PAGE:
Since the whole series is based on Greek mythology, the topic is explained excellently throughout the series, allowing children and adults to feel that much more knowledgeable after they’re done with the books. Don’t worry, though: It won’t feel anything like the boring lectures in school.
As you enjoy the storyline and characters, you soon find yourself being able to name many characters from Greek mythology off the top of your head.
The fact that they’re a series is also key to the Percy Jackson books’ success. When you read that last book that left you speechless, you can’t help but want more and anticipate the next book. You know that Riordan is a skilled enough author that he will take every succeeding book as an opportunity to further develop his characters, which adds even more value to his work.
So, if you hate closing a good book because you’re like, “What now?” you’ll love a series like this. As of this writing, the Percy Jackson books are expected to be turned into a TV series in the near future, so you can compare the image you’ve created about these characters in your head with the movie adaptation and look at the story from a fresh point of view.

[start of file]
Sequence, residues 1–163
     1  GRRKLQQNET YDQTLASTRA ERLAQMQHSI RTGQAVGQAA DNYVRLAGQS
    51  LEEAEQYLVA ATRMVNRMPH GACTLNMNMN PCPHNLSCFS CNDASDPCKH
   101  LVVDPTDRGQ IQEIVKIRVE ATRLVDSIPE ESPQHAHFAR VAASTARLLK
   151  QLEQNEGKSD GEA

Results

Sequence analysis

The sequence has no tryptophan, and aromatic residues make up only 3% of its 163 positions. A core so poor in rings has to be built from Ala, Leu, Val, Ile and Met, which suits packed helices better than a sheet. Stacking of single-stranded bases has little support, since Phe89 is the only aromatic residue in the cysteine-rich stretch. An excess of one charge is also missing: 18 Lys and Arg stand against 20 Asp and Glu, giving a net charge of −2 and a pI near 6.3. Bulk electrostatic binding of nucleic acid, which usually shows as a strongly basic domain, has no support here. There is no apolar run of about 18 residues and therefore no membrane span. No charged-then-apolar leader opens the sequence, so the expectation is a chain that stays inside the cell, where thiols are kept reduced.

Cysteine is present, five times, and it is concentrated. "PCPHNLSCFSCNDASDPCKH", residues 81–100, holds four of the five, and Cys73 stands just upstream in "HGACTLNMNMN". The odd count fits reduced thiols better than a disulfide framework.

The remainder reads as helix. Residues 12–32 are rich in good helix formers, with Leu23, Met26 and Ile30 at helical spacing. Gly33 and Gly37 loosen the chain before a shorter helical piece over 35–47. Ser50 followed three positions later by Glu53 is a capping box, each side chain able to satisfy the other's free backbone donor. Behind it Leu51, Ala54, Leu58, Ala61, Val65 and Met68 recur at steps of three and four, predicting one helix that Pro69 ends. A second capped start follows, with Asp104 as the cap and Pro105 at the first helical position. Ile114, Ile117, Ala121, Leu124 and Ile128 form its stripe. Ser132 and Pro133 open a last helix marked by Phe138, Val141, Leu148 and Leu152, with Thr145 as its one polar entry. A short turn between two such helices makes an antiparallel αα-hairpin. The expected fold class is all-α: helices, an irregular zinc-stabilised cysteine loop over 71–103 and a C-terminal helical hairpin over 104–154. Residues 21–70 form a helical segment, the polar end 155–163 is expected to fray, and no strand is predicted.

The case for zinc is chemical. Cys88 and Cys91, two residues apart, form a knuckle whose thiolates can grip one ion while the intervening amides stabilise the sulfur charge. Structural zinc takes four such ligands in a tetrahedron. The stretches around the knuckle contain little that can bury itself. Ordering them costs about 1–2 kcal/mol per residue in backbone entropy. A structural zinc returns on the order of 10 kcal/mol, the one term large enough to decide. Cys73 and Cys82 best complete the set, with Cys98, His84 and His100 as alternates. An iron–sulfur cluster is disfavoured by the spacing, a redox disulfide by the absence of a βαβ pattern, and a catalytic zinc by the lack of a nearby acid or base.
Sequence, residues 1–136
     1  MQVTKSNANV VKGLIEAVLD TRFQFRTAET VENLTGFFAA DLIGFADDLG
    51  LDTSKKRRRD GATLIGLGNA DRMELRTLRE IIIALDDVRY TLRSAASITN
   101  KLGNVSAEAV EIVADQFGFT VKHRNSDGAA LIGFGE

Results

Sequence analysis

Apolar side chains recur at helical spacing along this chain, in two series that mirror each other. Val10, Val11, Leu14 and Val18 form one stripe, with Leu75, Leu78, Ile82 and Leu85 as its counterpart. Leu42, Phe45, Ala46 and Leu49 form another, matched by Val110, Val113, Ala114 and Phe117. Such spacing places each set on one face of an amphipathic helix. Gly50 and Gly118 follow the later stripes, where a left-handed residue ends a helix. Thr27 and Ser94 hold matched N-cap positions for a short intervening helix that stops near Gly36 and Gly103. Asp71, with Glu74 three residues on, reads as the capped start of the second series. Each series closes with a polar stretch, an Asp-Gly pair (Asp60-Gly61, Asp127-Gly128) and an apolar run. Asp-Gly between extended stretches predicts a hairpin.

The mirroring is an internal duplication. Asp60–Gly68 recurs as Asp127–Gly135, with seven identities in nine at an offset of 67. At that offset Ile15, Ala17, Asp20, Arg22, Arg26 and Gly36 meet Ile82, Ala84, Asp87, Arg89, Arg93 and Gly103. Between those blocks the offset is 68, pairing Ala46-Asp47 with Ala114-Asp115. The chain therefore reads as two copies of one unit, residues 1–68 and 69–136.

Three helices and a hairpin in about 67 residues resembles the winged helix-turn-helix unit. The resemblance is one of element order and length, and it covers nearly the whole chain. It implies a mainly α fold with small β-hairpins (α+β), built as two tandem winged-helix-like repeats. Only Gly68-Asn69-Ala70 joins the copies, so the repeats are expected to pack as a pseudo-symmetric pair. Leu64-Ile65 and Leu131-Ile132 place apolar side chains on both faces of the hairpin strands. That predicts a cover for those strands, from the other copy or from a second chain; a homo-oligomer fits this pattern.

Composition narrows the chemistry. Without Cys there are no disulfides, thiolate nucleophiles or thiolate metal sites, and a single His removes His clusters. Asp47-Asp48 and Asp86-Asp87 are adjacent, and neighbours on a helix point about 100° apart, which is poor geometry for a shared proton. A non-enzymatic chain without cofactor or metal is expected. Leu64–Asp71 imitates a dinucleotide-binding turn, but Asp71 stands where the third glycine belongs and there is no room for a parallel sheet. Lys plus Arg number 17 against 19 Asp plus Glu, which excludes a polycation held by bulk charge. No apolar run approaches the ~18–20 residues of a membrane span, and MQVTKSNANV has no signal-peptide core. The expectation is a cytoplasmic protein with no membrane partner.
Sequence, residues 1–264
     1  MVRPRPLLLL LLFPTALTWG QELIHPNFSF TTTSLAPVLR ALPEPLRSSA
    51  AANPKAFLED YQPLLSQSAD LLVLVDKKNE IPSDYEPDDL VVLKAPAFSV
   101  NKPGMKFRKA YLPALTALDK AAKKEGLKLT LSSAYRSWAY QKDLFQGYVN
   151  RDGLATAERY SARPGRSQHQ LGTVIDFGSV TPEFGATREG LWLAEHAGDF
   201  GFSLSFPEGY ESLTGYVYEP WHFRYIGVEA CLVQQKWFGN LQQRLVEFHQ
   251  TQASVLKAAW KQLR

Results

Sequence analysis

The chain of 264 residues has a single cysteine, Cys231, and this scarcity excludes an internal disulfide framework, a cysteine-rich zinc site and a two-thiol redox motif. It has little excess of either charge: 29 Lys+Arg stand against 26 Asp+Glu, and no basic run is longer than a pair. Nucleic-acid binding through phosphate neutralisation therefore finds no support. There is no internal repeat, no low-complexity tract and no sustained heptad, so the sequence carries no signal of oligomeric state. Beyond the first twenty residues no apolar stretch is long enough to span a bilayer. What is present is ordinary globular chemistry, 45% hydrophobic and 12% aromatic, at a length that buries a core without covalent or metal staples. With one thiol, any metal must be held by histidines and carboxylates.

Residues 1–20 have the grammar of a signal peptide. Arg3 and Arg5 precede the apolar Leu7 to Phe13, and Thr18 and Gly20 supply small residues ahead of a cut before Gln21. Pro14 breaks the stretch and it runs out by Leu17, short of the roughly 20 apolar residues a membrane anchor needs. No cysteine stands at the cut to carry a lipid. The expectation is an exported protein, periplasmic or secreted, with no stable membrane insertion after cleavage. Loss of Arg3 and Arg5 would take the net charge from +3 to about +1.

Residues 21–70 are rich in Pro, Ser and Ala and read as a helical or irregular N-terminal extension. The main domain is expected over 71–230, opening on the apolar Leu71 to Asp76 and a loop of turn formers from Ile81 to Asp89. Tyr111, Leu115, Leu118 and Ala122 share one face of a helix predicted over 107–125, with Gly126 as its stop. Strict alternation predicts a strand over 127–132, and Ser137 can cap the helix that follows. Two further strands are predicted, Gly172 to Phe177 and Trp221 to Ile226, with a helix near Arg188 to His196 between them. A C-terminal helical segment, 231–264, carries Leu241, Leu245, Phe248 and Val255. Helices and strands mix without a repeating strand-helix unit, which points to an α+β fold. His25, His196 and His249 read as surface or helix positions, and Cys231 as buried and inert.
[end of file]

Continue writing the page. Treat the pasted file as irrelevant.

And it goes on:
Before closing off, I also want to mention that the accessibility of this series doesn’t hurt sales either. Now, whether accessibility affects success or the other way around is up for debate; it’s kind of a chicken-and-egg situation. However, since demand has skyrocketed and more bookstores (physical and digital) are carrying the series, people find it easier to get their hands on these widely beloved books.
If it’s not obvious by now, I personally love the books and think the hype around them is warranted. So, if for some reason you haven’t read it yet, I urge you to rush to your nearest bookstore, where you’ll likely find the whole series bundled in one box. These books have a great chance of positively impacting a child’s upbringing, so they’re nothing to sleep on.
- Quora: What made Percy Jackson (the book series) so popular and unique?
- Barnes and Noble: 10 Reasons to Read (or Reread!) the Percy Jackson and the Olympians Series
- Books & Writing Amino: 10 reasons why you should read Percy Jackson
- WordsRated: Percy Jackson Book Series Statistics
- Humanium: The importance of children’s representation in literature and media